Several potential secondary mission objectives arise from the opportunity to explore Earth for the first time with a P-band SAR system. The Biomass Secondary Objectives Assessment Study (Paillou et al., 2011) identified a variety of secondary applications and assessed whether their requirements could be accommodated within the mission specifications. In particular, three objectives are expected to benefit significantly from the long P-band wavelength, while at the same time being feasible and compatible with the Biomass mission design. The presentation will detail each science objective and provide current insights on these applications for Biomass.
1. Mapping subsurface geology
Access to freshwater resources is already a major concern: in Saharan and sub-Saharan Africa, most people do not have access to safe water supplies, and the situation is expected to get worse in the future. Geological maps are crucial for mineral and groundwater exploration, and remote sensing is an important tool in establishing such maps. However, in arid regions such as North Africa, the geology is mostly hidden under a thin layer of dry, sandy sediments. Low-frequency SAR is able to penetrate dry sediments and map the subsurface down to several metres, because of low absorption and limited volume scattering. For example, L-band SAR has proven capable of penetrating a few metres of dry, homogeneous material such as sand (McCauley et al., 1982). If the sand surface is smooth, dry and thin, the subsurface of interest will not be masked, and the measured backscatter will provide an image of the subsurface roughness and slope. This can then be turned into information that is useful for exploration and geophysical prospecting (Paillou, 2017). Aircraft campaigns have illustrated the capacity of P-band SAR to penetrate at least 4 m of dry sediment (Paillou et al., 2011). The enhanced penetration capabilities of a P-band SAR, being less sensitive to the covering sediments, will be important in groundwater exploration but will also offer a unique opportunity to reveal the hidden and still unknown past hydrological history of deserts.
2. Ice sheet applications
Large changes of the Greenland and Antarctic ice sheets have been observed over recent decades, and SAR data have shown a significant acceleration of the glacier velocities both in Greenland and in Antarctica. One way of estimating the mass balance of ice sheets is by mapping the ice velocity at a flux gate with known ice thickness. Accurate ice velocity maps are also needed when modelling the response of ice sheets to climate change. In Greenland, ice sheet velocity maps are generated on an operational basis (Solgaard et al. 2021), and the velocity fields of the Antarctic ice sheets have also been mapped (Rignot et al. 2011). The measurement accuracy, however, is 1 m/yr to 17 m/yr with the currently available data, while the histogram for the entire Antarctica peaks at 5 m/yr (Rignot et al. 2011). To achieve a high velocity sensitivity, SAR data must be acquired with a long temporal baseline, and the correlation time increases with decreasing frequency, as seen when comparing L- and C-band results (Rignot and Mouginot, 2012). P-band excels by an even longer correlation time, as deep penetration makes the radar signal interact with stable subsurface scatterers in the dry snow zone. A temporal baseline defined by BIOMASS’ 8 months global mapping cycle is not unrealistic (Dall et al. 2013). Ice applications are dependent on sufficient compensation for ionospheric scintillations, which are particularly severe at high latitudes. Without any compensation, the ionosphere is the primary error contributor at L-band, and at P-band the ionosphere may be prohibitive, because the impact of the ionospheric scintillations increases with decreasing frequency.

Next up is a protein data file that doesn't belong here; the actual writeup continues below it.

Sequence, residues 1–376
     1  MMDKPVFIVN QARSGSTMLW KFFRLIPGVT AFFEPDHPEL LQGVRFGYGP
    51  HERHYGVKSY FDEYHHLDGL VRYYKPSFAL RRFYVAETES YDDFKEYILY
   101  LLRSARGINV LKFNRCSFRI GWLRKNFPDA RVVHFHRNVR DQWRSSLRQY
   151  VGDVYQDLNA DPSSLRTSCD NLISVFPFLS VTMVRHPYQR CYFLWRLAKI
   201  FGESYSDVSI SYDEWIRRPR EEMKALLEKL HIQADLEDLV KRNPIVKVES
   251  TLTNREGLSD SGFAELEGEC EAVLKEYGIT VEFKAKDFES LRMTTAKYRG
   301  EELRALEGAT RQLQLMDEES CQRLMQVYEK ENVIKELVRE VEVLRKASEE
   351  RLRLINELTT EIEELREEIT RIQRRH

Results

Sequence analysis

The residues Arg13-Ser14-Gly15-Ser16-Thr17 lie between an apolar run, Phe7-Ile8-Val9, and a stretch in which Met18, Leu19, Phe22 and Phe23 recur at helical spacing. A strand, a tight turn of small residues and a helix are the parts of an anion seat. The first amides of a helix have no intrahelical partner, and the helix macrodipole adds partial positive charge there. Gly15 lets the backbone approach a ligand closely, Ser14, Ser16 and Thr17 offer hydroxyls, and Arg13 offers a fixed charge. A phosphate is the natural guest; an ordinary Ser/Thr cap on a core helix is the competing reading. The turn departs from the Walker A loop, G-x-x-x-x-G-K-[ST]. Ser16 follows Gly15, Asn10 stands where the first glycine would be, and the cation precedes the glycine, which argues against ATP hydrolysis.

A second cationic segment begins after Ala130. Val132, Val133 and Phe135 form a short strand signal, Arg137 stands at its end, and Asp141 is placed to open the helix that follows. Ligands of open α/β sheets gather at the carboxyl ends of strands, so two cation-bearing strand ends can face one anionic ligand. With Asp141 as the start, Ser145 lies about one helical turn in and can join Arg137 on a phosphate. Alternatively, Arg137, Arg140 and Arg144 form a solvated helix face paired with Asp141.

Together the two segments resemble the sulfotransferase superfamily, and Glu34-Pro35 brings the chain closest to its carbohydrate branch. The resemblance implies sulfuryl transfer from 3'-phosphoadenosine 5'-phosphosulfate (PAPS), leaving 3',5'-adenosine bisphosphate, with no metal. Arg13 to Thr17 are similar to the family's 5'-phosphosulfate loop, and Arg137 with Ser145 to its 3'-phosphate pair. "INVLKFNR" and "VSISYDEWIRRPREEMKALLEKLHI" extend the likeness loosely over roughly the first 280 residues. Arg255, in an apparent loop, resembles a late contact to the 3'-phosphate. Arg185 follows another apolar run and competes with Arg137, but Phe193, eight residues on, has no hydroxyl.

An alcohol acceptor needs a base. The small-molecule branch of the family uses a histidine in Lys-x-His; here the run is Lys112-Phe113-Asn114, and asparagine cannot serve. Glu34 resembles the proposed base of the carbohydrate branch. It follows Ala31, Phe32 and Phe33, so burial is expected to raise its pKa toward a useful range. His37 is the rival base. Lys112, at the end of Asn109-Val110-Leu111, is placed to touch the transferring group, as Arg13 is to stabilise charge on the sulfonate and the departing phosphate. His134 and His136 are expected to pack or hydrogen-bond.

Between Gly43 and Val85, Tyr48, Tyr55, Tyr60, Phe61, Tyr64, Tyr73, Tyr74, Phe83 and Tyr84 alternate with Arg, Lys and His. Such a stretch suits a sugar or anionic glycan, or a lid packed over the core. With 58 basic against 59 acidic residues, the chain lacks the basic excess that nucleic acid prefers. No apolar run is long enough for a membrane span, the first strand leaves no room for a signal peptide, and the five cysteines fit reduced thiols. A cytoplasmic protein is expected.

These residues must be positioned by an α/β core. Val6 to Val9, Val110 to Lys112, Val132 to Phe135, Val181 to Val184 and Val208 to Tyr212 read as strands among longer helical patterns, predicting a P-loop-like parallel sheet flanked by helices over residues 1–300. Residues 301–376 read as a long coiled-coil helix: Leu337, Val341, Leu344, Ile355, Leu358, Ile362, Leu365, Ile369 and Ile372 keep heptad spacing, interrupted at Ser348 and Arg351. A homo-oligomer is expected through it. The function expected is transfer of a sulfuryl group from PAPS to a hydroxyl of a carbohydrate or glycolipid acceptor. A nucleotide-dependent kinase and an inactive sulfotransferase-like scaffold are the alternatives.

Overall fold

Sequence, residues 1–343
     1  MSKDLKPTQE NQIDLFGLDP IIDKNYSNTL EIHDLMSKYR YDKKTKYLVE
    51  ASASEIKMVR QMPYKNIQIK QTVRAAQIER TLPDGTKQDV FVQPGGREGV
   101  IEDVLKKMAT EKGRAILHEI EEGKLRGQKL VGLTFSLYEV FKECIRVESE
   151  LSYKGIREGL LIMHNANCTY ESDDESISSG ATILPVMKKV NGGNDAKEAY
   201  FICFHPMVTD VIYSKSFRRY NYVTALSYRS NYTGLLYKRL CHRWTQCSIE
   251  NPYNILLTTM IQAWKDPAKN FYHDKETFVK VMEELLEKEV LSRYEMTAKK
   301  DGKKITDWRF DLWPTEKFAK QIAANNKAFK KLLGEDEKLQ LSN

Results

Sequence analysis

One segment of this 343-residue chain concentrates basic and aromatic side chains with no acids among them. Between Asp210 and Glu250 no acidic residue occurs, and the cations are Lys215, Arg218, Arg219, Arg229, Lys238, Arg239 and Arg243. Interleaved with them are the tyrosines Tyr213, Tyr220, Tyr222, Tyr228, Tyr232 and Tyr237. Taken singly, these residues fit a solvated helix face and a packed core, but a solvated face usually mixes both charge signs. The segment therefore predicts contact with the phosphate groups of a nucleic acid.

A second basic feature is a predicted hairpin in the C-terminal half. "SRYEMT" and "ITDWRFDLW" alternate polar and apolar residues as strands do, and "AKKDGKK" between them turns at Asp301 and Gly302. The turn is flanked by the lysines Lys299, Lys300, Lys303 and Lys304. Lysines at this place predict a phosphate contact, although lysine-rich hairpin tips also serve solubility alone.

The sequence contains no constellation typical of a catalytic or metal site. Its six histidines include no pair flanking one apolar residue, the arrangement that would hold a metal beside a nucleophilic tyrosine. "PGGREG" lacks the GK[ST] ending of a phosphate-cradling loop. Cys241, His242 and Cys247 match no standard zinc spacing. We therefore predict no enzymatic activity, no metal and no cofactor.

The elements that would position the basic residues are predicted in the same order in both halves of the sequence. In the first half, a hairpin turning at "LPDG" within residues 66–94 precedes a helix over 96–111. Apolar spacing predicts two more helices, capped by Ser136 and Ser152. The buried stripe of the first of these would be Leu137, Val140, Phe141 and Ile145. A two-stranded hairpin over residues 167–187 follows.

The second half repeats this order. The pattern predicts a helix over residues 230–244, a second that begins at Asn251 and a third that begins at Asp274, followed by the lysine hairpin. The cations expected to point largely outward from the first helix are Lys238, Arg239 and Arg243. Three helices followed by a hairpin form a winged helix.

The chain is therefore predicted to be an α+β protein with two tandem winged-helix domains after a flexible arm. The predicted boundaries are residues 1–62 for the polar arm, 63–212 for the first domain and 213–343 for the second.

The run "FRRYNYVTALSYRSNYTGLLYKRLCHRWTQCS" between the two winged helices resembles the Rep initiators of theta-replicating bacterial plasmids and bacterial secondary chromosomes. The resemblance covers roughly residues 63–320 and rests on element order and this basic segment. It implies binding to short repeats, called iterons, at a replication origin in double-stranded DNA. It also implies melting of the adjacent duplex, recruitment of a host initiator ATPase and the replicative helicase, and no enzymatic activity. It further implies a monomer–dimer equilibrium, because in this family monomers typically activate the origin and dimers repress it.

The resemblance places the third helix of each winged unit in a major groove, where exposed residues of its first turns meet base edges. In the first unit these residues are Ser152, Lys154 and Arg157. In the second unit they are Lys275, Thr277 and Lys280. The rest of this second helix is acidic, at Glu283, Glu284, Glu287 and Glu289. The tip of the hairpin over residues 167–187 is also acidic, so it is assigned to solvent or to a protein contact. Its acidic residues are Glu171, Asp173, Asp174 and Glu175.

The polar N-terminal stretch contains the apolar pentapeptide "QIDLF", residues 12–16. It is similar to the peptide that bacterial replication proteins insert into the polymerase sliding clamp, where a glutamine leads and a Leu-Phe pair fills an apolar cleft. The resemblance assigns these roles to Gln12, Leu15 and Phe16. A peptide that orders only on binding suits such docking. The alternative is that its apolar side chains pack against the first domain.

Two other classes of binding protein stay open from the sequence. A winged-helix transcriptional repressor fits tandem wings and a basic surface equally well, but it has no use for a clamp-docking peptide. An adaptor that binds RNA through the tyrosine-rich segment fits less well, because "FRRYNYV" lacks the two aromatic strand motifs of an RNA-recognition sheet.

3. Terrain Topography under Dense Vegetation
Digital Terrain Models (DTMs) represent the elevation of the ground in the absence of vegetation, buildings and so on. These ‘bare-earth’ images are crucial in a range of applications, including ecology, forest management, water resource management, mineral exploitation, national security and scientific research. However, currently available large-scale products are more accurately described as Digital Elevation Models (DEMs) because in forested areas they differ significantly from a true DTM. At P-band, vegetation causes less attenuation, therefore Biomass can fill this major gap in our knowledge of global topography. In addition, the scattering centre of the tree-ground double bounce- signal occurs at ground level and can be isolated using polarimetry.
Over its lifetime, Biomass will produce a DTM of the terrain topography under dense vegetation, thus removing the biases in DEMs using shorter wavelengths, such as the Copernicus DEM. Biomass will also be able to exploit this new DTM for slope corrections associated with the primary objectives, allowing initial products generated with current DEMs to be reprocessed, thus refining the biomass products.
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